Statements of terms
- Dependent contractors should have the same right to a written statement of terms as employees.
- It should be a statutory requirement to receive that written statement of terms on day one of employment (rather than the current within two months).
- There should be a standalone right to compensation if the employer has not provided the written statement (compensation can currently only be sought as a parasitic claim).
Continuity of employment
- Continuity of employment should be preserved where any gap in employment is less than one month, rather than one week.
Zero hours contracts
- The Low Pay Commission should consider whether employers should pay a premium for short-notice work ie for those on zero hours contracts.
- Those on zero hours contracts should have the right to request guaranteed hours after 12 months.
- Access to holiday pay should be improved for atypical workers by increasing the pay reference period from 12 weeks to 52 weeks.
- Individuals should have the choice to be paid “rolled-up” holiday pay (to be calculated as 12.07% premium on pay).
- Statutory sick pay should be reformed to become a basic employment right comparable with the NMW, which accrues in line with length of service.
- Individuals should have a right to return to the same or similar job following a period of prolonged sickness absence.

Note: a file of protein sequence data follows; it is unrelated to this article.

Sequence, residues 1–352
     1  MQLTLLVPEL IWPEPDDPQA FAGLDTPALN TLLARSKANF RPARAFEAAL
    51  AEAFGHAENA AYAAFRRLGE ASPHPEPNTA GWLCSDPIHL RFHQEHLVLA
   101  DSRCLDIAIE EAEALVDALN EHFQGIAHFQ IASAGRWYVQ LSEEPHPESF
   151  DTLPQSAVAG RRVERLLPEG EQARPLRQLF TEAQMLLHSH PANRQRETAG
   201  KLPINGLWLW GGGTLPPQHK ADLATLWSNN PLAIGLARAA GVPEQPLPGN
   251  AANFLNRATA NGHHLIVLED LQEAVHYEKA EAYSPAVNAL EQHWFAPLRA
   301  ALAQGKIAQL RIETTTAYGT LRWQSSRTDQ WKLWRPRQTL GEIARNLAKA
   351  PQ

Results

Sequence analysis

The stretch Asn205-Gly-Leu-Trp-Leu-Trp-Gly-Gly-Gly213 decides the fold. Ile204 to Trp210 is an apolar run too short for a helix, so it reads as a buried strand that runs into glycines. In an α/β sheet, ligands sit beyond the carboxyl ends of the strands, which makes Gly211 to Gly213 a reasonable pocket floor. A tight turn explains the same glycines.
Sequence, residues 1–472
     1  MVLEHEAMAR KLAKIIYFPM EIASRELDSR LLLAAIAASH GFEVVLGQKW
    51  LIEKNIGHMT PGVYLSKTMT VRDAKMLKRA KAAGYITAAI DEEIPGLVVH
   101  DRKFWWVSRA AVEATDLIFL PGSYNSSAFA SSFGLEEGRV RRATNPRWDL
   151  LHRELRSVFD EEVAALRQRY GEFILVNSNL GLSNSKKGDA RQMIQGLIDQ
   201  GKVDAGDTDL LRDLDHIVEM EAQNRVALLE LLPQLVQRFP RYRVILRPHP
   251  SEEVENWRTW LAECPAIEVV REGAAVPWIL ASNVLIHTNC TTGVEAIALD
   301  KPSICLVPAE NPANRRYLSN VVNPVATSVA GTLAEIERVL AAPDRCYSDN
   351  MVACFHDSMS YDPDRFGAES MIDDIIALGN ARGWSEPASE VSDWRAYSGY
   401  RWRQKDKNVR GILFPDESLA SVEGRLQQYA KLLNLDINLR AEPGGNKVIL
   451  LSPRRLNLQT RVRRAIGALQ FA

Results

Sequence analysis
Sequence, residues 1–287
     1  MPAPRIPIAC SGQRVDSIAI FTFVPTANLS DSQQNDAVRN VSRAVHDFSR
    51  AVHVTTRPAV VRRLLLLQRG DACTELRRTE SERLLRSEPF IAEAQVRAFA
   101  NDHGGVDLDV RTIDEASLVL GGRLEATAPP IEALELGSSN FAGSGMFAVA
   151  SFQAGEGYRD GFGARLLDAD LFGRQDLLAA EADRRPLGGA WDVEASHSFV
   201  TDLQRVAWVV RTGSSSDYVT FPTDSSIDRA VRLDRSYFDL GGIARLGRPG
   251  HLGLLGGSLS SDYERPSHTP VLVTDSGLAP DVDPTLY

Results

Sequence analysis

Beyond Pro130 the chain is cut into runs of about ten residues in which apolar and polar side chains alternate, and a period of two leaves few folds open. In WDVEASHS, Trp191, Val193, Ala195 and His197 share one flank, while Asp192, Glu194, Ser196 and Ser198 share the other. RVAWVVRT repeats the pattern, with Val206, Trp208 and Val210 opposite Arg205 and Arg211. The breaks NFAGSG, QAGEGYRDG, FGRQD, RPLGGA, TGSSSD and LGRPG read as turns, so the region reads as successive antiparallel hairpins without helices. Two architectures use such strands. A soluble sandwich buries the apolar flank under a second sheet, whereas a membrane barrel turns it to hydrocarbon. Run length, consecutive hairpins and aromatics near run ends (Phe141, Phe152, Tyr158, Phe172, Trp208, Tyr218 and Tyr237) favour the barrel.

- Agency workers should have the right to request a contract of employment after 12 months on an assignment.
- The "Swedish derogation" (which allows agency workers to opt out of equal pay with permanent employees if they sign a “pay between assignments” contract) should be abolished.
Enforcement of Tribunal awards
- BEIS should have the power to enforce Tribunal awards, not just impose a penalty for non-compliance.
- Employers who do not pay awards within reasonable time should be named and shamed.
- Tribunals should consider the use of aggravated breach penalties and costs orders in circumstances where an employer has lost an employment status case and does not apply the ruling to similar working arrangements and subsequent cases are brought by individuals under those comparable arrangements.
- The Information and Consultation of Employees Regulations should be extended, such that employers are required to set up consultation arrangements when requested by 2% of their workforce (rather than the current 10%).
In a speech to the House of Commons launching the review, Theresa May conceded that it was commissioned when she led a majority government and that she can now only act with the support of other political parties. The Prime Minister confirmed that the Government would study the report “carefully over the summer and respond in detail later in the year”. The extent to which the recommendations are implemented remains to be seen. We will update this summary when further detail becomes available.
ACAS has published new guidance against the backdrop of the report, which can be found here.
This document (and any information accessed through links in this document) is provided for information purposes only and does not constitute legal advice. Professional legal advice should be obtained before taking or refraining from any action as a result of the contents of this document.